Labor Law § 240 (1) as cited above requires owners and contractors to provide proper protection to those working on a construction site (see Rocovich v Consolidated Edison Co., 78 NY2d 509, 513 ). It imposes absolute liability where the failure to provide such protection is a proximate cause of a worker's injury (see Wilinski v 334 E. 92nd Hous. Dev. Fund Corp., 18 NY3d 1, 7 ).
In order to prevail on summary judgment in a section 240 (1) "falling object" case, the injured worker must demonstrate the existence of a hazard contemplated under that statute "and the failure to use, or the inadequacy of, a safety device of the kind enumerated therein" (Narducci v Manhasset Bay Assoc., 96 NY2d 259, 267  citing Ross v Curtis-Palmer Hydro-Elec. Co., 81 NY2d 494, 501 ). Essentially, the plaintiff must demonstrate that at the time the object fell, it either was being "hoisted or secured" (Narducci, 96 NY2d at 286), or "required securing for the purposes of the undertaking" (Outar v City of New York, 5 NY3d 731, 732 ; see Quattrocchi v F.J. Sciame Constr. Corp., 11 NY3d 757, 759 ). Contrary to the dissent's contention, section 240 (1) does not automatically apply simply because an object fell and injured a worker; "a plaintiff must show that the object fell . . . because of the absence or [*4]inadequacy of a safety device [emphasis supplied] of the kind enumerated in the statute" (Narducci, 96 NY2d at 268 [emphasis in original]).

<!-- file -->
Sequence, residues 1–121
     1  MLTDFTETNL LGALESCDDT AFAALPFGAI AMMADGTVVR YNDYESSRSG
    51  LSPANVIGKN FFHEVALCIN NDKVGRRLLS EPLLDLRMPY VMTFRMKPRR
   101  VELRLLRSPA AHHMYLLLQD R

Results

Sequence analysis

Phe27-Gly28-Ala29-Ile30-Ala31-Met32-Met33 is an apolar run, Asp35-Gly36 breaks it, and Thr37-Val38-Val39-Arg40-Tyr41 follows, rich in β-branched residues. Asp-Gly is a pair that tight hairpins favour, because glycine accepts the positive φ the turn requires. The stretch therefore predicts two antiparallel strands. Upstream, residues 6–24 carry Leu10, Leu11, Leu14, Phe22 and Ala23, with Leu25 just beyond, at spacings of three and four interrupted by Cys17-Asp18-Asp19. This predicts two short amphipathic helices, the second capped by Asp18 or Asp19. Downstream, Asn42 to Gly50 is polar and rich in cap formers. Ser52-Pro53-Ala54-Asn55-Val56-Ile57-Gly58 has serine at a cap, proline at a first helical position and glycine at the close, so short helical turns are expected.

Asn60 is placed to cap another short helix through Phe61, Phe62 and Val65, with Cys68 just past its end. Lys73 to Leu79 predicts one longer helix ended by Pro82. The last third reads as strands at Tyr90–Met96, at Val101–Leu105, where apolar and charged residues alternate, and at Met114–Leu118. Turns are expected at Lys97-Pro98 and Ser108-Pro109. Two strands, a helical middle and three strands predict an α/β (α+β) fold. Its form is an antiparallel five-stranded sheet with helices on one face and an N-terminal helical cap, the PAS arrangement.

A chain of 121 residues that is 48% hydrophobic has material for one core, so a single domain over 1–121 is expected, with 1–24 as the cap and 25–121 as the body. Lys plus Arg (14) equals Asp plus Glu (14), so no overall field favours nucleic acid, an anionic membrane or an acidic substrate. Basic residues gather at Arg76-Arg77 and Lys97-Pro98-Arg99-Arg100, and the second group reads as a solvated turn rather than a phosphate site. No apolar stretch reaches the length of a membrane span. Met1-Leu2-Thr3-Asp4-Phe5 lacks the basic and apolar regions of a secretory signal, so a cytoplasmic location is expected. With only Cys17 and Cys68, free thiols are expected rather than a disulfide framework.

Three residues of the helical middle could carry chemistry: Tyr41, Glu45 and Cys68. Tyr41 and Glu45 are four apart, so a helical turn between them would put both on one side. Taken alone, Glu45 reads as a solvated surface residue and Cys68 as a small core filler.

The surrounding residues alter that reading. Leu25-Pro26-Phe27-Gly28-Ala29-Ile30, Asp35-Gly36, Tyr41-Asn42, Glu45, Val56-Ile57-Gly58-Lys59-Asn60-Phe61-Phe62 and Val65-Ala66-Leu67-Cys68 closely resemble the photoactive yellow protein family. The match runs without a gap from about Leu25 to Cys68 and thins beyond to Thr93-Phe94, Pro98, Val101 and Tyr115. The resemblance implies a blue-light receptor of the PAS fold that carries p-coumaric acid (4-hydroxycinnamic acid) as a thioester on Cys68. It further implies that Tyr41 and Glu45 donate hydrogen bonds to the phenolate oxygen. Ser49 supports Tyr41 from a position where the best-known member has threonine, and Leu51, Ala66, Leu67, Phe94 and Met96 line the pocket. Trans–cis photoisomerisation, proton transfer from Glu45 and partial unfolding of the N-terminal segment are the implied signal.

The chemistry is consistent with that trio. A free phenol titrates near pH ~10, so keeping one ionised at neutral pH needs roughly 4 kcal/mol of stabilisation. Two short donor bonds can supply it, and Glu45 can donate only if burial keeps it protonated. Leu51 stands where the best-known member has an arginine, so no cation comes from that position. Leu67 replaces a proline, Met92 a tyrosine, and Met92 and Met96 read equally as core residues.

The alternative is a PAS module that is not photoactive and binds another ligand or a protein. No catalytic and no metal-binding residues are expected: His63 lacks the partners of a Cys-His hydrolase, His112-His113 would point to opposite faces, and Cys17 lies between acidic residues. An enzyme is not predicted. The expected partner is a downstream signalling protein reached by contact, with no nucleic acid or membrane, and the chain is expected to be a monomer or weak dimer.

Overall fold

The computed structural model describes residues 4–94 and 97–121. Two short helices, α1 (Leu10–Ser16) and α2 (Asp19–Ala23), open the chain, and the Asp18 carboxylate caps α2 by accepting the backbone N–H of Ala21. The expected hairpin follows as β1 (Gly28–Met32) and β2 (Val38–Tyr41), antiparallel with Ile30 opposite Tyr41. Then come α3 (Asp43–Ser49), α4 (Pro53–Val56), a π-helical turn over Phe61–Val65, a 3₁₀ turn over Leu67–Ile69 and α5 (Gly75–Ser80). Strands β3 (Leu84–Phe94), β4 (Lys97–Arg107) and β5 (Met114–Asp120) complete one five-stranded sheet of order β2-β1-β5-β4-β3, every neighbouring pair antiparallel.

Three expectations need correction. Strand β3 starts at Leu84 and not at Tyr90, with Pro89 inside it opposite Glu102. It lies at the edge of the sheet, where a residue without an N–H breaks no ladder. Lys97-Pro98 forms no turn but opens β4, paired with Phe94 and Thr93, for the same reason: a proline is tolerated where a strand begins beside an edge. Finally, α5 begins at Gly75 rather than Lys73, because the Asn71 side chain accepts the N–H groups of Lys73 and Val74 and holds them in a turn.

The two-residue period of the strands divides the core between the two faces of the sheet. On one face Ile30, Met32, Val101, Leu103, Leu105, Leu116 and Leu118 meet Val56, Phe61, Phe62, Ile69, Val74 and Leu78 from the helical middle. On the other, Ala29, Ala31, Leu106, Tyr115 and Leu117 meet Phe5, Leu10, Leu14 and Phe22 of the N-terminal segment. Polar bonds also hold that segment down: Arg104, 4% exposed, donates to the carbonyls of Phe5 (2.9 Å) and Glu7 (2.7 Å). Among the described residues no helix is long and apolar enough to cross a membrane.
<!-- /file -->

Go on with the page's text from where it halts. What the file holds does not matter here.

The Appellate Division properly concluded that plaintiff had not established entitlement to summary judgment on liability. It erred, however, in denying summary judgment to defendants 1095 and Magen, because they established as a matter of law that the conduit did not fall on plaintiff due to the absence or inadequacy of an enumerated safety device.
The compression coupling, which plaintiff claims was inadequate, is not a safety device "constructed, placed, and operated as to give proper protection" from the falling conduit. Its only function was to keep the conduit together as part of the conduit/pencil box assembly. The coupling had been installed a week before the incident and had been serving its intended purpose until a change order was issued and plaintiff dismantled the conduit/pencil box assembly. Plaintiff's argument that the coupling itself is a safety device, albeit an inadequate one, extends the reach of section 240 (1) beyond its intended purpose to any component that may lend support to a structure. It cannot be said that the coupling was meant to function as a safety device in the same manner as those devices enumerated in section 240 (1).